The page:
Once I upgraded to captain, I continued to fly with many military pilots, but now they were mostly my age or younger and had been hired within the last few years. Unlike the mostly peacetime Reagan-era captains, these folks spent much of their adult lives at the pointy end of the two-decade “global war on terror.”

The differences are interesting: The egos are smaller, even among fighter jocks, there’s a great deal more diversity, and there’s much more skepticism about the military’s role in the world—and more frank discussion about the highs and lows of service life. I am constantly impressed by the high quality of our new hires, both military and civilian. With rare exceptions, they are extremely sharp individuals and great cockpit companions. They make my job easy. The military pilots, in particular, must learn a great deal in their first months at the airline, especially if they haven’t been flying transport category or multicrew aircraft. Most are very quickly up to speed. I’ve come to realize the airlines’ preference for military aviators isn’t because they’re necessarily superior pilots but because they are predictably trainable in stressful environments. They are used to “drinking through a fire hose.”

A year or two into these pilots’ airline careers, it’s increasingly difficult to tell what branch they came from, even if they continue to fly in the reserves. Another year later, you can’t tell them apart from the civilians. The military pilots have relaxed while the civilians have added some spit and polish. After a few years, most everyone has drifted to a happy medium, which is on the whole a quite good standard—and a big part of the airlines’ enviable safety record the past two decades.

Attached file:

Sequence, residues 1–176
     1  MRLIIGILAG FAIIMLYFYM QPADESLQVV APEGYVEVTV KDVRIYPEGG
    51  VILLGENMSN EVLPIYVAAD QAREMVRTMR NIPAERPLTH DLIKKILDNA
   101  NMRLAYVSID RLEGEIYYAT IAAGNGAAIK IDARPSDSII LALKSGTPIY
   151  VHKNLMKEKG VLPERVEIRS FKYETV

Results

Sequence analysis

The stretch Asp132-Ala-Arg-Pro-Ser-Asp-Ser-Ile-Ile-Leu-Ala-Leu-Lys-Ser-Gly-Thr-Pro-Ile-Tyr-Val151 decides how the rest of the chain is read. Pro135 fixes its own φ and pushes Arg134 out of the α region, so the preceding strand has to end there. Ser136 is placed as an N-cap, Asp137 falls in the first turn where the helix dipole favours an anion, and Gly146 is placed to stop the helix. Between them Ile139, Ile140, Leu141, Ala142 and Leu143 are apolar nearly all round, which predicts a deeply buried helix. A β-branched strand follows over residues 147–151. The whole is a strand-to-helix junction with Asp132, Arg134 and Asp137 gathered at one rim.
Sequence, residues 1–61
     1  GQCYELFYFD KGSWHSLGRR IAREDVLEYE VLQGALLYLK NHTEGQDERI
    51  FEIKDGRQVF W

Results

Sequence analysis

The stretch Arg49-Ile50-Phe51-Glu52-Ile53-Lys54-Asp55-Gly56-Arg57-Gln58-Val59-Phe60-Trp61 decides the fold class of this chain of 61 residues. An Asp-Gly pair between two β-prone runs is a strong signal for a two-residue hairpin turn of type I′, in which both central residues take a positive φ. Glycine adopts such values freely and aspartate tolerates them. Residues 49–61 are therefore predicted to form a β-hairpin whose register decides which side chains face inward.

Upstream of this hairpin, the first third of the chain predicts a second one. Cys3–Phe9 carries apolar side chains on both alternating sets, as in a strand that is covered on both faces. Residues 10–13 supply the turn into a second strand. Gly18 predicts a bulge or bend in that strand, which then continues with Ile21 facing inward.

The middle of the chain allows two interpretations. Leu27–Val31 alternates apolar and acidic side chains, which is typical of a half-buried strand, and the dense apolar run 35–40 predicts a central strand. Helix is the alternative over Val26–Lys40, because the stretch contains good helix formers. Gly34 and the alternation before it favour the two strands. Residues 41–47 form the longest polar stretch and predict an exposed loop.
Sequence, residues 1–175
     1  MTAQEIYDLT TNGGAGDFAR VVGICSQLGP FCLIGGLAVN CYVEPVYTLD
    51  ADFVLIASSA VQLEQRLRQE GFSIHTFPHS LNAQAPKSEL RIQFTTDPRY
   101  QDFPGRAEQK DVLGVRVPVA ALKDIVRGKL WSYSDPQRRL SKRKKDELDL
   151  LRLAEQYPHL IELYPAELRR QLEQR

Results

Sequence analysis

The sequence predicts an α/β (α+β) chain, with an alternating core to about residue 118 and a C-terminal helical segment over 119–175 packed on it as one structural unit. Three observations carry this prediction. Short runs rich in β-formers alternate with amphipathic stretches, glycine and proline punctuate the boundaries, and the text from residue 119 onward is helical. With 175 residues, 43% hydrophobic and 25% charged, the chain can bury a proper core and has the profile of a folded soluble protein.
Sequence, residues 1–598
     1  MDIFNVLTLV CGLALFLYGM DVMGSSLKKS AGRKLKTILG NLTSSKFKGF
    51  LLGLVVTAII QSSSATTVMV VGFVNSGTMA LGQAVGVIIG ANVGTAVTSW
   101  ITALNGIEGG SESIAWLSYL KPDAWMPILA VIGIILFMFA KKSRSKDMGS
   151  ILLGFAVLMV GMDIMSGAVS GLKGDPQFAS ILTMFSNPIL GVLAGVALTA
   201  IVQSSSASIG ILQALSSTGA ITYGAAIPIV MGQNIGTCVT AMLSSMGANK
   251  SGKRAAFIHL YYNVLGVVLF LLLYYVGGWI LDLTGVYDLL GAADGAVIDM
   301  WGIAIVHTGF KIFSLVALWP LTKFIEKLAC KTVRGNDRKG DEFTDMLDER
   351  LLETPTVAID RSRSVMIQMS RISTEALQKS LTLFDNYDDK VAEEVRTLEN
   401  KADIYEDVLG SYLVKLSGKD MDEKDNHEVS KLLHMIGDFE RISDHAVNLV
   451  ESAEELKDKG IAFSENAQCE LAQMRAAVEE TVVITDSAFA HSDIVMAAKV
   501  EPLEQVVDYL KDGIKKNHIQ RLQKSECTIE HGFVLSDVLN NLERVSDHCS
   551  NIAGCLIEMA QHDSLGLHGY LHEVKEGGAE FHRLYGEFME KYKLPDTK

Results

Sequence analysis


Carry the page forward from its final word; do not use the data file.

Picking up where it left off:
Speaking of which, during our flight to Phoenix, John and I had a eureka moment in which we recalled the details of our previous trip. It was the day of the Christmas bomb cyclone I wrote about in the March issue, with historically terrible weather in Boston, Detroit, and Seattle. John was a fantastic first officer that day, but his cool competence in tough conditions was so utterly normal to my experience that it didn’t make him particularly memorable. This is a great credit not only to John but to all the excellent first officers, military and civilian, with whom I ply the nation’s skies every week. As I near the top third of the seniority list, these folks coming up behind me are becoming the backbone of our airline, remolding our culture in their image. It is a very heartening thing to see.

This column first appeared in the July 2023/Issue 939 print edition of FLYING.

Sam Weigel has been an airplane nut since an early age, and when he's not flying the Boeing 737 for work, he enjoys going low and slow in vintage taildraggers. He and his wife live west of Seattle, where they are building an aviation homestead on a private 2,400-foot grass airstrip.